This bicycle named Lil Romeo was chosen for my first attempt at the Tour Divide based on trust built over the years of adventuring together. A Reynolds 853 steel Crust Romanceür that I’ve ridden for 4 years in 4 different United Nations recognized countries. The custom frame bag that held food, 3 liters of water, and often a can of nitro coffee has the Tibetan national flag that is not recognized by the United Nations. I love this flag almost as much as I love this bike. Not for the sake of Nationalism, but for the sake of Beauty. Lots of parts on this bike were selected for beauty, practicality, and nostalgia.
Discussing mental strength, equipment, working with each other, hygiene on tour and more.
Our friends Sarah and Jorja pulled together this video, showcasing how Sarah is preparing for the Tour Divide this year:
Sarah Swallow, professional adventure cyclist, cycling the 2021 Tour Divide Route. In this video we find out more about; 1. Who she is 2. What she is setting out to achieve 3. Where she is at with her preparation for the 2021 Tour Divide 4. and answers some questions from friends and family Check out her GoFundme for the Cairn Project here;
“For this challenge, I am teaming up with The Cairn Project to fundraise $5,000 to provide outdoor opportunities for more young women and girls. I have had the incredible privilege and opportunity to make my passion for adventure cycling as my work. I want to help create accessible pathways for more young women and girls to pursue a similar lifestyle, adventure goal, or profession. I never knew this life of mine was possible or even an option. If young women and girls could feel inspired by what I do and see that they could do it too, or to get exposed to what they love to do outdoors at an early age, I think it could make a positive impact on their lives, and the lives of others around them. Over the next few months, I’ll be fundraising for The Cairn Project by sharing my story as a young girl and how I found purpose in life through riding my bicycle as I prep my mind, body, and equipment for one of the most significant endeavors of my life. To learn more about my trip, read my blog post. To follow my journey, follow me on Instagram.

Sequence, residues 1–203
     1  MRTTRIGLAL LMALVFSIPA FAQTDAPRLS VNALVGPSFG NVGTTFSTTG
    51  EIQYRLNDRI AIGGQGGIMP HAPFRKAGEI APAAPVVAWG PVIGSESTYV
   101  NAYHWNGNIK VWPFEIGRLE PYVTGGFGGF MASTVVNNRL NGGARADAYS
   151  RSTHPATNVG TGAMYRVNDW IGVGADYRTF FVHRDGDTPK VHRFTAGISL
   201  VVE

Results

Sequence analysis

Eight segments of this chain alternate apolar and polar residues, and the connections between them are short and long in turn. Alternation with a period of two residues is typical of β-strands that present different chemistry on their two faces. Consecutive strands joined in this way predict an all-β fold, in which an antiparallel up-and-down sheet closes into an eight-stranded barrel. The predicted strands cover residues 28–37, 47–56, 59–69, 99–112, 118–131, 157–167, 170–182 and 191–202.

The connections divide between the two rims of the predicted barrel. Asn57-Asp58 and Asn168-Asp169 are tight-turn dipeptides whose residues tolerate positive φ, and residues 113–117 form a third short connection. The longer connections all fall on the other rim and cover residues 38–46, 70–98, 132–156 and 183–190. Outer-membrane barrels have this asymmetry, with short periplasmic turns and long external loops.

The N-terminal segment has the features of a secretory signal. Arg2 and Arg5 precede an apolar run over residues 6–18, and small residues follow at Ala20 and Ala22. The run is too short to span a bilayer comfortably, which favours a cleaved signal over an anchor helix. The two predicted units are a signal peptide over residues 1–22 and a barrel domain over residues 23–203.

In 2019 Jonny Moses biked the Great Divide Mountain Bike Route. The GDMBR is a 2700 mile off-road bike tour that follows the continental divide along the spine of the Rockies from Banff Canada to Antelope Wells New Mexico. He rode this route in order to both challenge himself and to challenge the narrative of who does or doesn’t belong in the outdoors. His aim is to encourage kids of color that the outdoors and outdoor recreation IS for them.
Photos by Rugile Kaladyte
When Rene Herse Cycles decided to develop a tire specifically for bikepacking and ultra-endurance racing, they asked Lael Wilcox what she wants in a tire. Lael has raced many ultra-endurance events, including the Tour Divide and Silk Road Mountain Race. She provided Rene Herse Cycles with heaps of feedback and they’re now introducing the result of this collaboration, the Fleecer Ridge 29″ x 2.2″ (or 700C x 55 mm), named after Lael’s favorite climb on the Tour Divide.
The Fleecer Ridge is a true all-rounder. Large knobs with generous space in between provide superb traction on loose and soft surfaces, while the knobs are spaced to put more rubber on the road as the tire leans into corners during paved descents into town to resupply.
The Fleecer Ridge offers a choice of the four Rene Herse casings:
-Standard combines comfort and speed at an affordable price.
-Extralight is our most supple casing for ultimate speed.
-Endurance uses the same ultra-fine threads with extra protection against punctures and cuts.
-Endurance Plus is one of the toughest performance tires available today.
Available in mid-May 2020 from good bike shops and directly from Rene Herse Cycles.